Surveying the education public as well as ‘stakeholders’ for their opinion is the latest trend in Canadian K-12 education policy. Two recent Canadian education surveys conducted in Nova Scotia and Alberta provide some recent examples worthy of further discussion. The recent release of Alberta Education Minister David Eggen’s curriculum survey results (April 13, 2017) also demonstrates that unsuspecting citizens may need help in penetrating through the official spin to get at the actual results.
Facing deep divisions in P-12 education over future directions, and not inclined to follow the research evidence, provincial authorities are going, more and more, to soliciting public opinion utilizing surveys with pre-determined outcomes. Upon closed scrutiny, the Alberta survey seems wholly designed to confirm intended curriculum directions.
Conducting public surveys is not without its risks. In the case of the 2014 Nova Scotia Education Review survey, a largely unvarnished, no-holds-barred instrument actually backfired on the Education Department. When the N.S. Review Committee headed by Myra Freeman polled 18,500 residents, the results published in October 2014 proved a real jolt and sent the provincial teachers’ union into a tizzy, mostly focused on being excluded from shaping the survey and serving on the commission.
One half of Nova Scotians, the survey found, were “not satisfied with the public school system” and teachers as well as parents identified plenty of reasons why. The report, Disrupting the Status Quo, generated very high expectations — never honoured — that major reform was on the way. A three-month NSTU teacher work-to-rule in 2016-17 effectively sunk the quality education reform plan and generated a completely new set of teacher-driven demands for improvement in “working conditions.”
Alberta Education had no desire to see that pattern repeated. Minister Eggen’s curriculum survey looked, and sounded, skewed in the Education Department’s preferred direction – toward more of what is loosely termed “21st learning.” In Alberta Education futuristic doubletalk, the overarching goal is to produce students who “are agents of change to create the globe that they want to be part of.”
The survey, conducted in October and November 2016 succeeded in attracting some 32,390 respondents, of whom only slightly over half (57%) might be classed as ‘outside the system.’The proposed directions were presented as amorphous curriculum “themes” where respondents are clearly led to certain conclusions. You are, for example, asked whether you agree or disagree with this statement: “Through learning outcomes curriculum should support the development of literacy, numeracy and 21st century competencies.” It is impossible to answer if you think basic numeracy and literacy should take precedence over the ill-defined futuristic skills.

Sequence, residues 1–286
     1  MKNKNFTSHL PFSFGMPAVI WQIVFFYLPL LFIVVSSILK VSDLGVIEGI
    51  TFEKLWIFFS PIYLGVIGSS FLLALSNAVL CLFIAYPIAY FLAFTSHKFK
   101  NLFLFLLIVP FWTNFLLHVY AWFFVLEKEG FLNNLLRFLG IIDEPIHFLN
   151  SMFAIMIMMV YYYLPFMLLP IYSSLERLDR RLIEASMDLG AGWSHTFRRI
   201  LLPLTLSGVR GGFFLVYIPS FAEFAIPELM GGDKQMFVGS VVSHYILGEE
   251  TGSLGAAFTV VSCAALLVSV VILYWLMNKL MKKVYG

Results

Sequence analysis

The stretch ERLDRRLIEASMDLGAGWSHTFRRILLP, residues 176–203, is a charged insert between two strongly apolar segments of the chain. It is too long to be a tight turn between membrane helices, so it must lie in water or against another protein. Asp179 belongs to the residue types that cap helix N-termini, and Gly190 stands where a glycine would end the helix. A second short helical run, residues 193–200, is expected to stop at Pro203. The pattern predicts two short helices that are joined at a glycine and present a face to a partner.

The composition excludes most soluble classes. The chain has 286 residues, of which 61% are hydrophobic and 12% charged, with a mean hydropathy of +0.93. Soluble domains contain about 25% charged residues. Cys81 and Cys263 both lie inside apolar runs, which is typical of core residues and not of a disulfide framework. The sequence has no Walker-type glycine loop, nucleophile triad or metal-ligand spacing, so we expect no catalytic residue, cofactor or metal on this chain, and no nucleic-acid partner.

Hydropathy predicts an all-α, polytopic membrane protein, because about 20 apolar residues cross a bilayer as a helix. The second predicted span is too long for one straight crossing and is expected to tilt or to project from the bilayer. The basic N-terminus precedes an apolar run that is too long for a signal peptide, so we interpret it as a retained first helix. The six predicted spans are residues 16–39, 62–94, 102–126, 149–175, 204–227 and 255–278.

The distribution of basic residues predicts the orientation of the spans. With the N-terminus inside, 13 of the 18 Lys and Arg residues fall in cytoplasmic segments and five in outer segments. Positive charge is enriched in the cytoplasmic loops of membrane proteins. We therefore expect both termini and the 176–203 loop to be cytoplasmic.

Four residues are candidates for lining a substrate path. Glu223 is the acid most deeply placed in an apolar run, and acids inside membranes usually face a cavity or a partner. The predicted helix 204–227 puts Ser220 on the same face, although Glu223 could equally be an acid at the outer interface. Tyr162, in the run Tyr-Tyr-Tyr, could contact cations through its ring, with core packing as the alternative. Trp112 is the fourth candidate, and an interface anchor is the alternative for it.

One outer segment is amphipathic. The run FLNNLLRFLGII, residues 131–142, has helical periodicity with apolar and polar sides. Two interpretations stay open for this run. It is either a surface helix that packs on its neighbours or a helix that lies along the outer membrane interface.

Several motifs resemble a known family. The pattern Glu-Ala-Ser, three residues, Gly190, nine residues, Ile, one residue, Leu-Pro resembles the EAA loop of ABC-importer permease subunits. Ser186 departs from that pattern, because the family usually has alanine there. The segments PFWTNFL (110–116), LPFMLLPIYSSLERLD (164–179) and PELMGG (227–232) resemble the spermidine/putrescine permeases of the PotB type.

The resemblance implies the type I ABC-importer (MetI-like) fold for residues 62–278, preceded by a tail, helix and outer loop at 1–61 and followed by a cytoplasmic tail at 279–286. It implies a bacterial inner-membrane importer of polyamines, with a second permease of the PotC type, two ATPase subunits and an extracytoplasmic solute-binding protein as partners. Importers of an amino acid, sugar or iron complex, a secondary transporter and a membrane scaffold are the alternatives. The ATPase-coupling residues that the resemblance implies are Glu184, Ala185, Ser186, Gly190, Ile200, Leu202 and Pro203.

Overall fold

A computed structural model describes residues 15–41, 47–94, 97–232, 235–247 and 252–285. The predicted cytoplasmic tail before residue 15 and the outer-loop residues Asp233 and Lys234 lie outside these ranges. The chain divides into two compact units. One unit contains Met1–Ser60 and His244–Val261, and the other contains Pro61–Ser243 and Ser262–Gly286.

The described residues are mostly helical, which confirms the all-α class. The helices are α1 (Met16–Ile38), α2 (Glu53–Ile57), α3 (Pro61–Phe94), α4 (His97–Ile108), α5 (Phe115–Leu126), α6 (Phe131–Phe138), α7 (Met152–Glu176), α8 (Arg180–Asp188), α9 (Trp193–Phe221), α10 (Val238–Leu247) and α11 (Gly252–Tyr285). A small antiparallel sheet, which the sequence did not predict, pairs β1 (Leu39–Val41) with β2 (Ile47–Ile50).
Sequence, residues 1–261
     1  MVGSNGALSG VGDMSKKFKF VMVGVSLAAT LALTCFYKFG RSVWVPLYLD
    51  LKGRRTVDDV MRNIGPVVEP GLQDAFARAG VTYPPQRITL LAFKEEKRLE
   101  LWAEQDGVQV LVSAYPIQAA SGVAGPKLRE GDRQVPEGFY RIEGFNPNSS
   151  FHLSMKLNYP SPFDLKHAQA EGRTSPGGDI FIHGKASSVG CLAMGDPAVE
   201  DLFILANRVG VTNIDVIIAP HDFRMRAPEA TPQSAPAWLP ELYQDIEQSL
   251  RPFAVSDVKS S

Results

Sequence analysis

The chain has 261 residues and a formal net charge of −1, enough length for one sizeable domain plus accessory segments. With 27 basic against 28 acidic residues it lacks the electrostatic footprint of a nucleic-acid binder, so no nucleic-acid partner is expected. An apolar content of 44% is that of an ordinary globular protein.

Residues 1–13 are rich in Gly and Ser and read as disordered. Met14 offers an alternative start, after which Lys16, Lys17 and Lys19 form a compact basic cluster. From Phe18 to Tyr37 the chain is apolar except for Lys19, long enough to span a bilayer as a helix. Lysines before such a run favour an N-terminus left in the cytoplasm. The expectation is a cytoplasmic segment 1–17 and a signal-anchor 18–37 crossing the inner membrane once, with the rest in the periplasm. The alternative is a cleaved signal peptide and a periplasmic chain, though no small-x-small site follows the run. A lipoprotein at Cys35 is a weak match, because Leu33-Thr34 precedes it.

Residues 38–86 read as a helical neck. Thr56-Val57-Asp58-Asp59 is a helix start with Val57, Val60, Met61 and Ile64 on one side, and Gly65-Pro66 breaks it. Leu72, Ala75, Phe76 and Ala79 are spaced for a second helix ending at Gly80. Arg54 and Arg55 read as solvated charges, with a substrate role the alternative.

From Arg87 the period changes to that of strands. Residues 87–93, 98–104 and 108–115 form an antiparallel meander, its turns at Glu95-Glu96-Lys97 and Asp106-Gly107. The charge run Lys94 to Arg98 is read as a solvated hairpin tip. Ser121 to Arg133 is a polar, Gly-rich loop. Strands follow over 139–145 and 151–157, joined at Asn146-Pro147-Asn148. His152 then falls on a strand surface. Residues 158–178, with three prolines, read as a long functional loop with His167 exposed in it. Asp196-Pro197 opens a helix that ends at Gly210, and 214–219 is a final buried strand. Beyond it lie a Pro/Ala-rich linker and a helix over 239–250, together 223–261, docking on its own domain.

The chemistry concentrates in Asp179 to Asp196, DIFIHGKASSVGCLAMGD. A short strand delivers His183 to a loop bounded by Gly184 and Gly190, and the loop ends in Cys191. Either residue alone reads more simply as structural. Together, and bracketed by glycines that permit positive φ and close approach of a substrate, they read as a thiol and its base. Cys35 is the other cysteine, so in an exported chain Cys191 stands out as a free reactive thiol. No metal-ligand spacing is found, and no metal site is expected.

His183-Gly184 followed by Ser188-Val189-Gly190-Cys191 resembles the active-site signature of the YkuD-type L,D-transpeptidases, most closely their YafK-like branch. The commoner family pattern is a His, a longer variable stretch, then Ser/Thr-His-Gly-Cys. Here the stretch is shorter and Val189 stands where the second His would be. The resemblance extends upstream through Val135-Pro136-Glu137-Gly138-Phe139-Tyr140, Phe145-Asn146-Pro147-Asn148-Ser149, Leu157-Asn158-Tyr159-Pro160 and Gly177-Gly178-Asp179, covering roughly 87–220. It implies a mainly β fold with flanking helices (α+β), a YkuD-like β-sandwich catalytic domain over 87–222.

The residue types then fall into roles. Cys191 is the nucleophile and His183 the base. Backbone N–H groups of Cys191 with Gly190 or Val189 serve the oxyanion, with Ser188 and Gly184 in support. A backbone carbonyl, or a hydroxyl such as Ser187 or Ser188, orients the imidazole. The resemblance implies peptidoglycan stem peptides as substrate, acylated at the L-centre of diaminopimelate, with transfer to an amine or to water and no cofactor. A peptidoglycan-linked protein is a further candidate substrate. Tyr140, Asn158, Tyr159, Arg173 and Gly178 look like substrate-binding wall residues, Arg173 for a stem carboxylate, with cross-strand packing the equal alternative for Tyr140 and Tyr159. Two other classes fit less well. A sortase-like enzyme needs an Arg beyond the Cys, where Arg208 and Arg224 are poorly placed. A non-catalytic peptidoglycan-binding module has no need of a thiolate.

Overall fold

Conducting the survey was also further confirmation of the provincial strategy to thwart mathematics education reform. With the Alberta “Back to Basics” petition, initiated by parent Dr. Nhung Tran-Davies of Calmar, AB, piling up 18,332 signatures, the survey attempts, in clumsy fashion, to override that hardened opinion.
The Department’s summary of responses does its best to conceal the extent of resistance to current K-12 Mathematics teaching and curricula. Sifting through the Mathematics responses, teaching math facts, restoring step-by-step algorithmic thinking, limiting the use of computers, and mastering mental math far outweighed any preference for “21st century competencies” or its step-child, discovery math.
Instead of addressing these findings, Minister Eggen ‘cherry-picked’ one example of the desire for ‘relevance’ – support for including financial literacy in grade 4 to 9 classes. That too is a clear sign that parents want their kids to be able to balance a set of sums.
Albertans’ written responses to the open-ended questions are the clearest indication of their true inclinations. Out of the 15,724 respondents committed enough to do more than tick boxes, the largest segment, again (10 %), favoured refocusing on “math basics” and singled out “discovery math” as a problem. Combined with “learning the basics” (6%) and teaching practical skills (7%), one in four who made comments targeted the lack of rigour in the curriculum.
Judging from the wording of questions, the entire survey also skewed in the direction of student-centred teaching methods. That’s strange because the recent PISA 2015 global results report demonstrated conclusively that “explicit instruction” produced much better student results than “minimally-guided instruction.”
The inherent bias pops up elsewhere. “This survey,” it reported, “was intended to focus on the ‘what’ of current provincial curriculum not ‘how’ teachers teach it.” Serious curriculum analysts know it’s now virtually impossible to separate the two in assessing program effectiveness.
Provincial education authorities were, at one time, given explicit mandates based upon either firm political policy positions or best practice research. When governments are lost and searching for direction, they may turn to the public to find their bearings. In the case of Alberta, it looks more like surveying for confirmation of the ‘educrats’ own pre-determined direction.
*A condensed version of this Commentary appeared in the Edmonton Journal, April 18, 2017.
Why do school systems survey the public? Are Canadian provincial governments totally lost on K-12 education and simply looking for direction? Do our Education Department’s harbour a secret agenda? Or are they looking for public confirmation of pre-conceived plans for curriculum changes?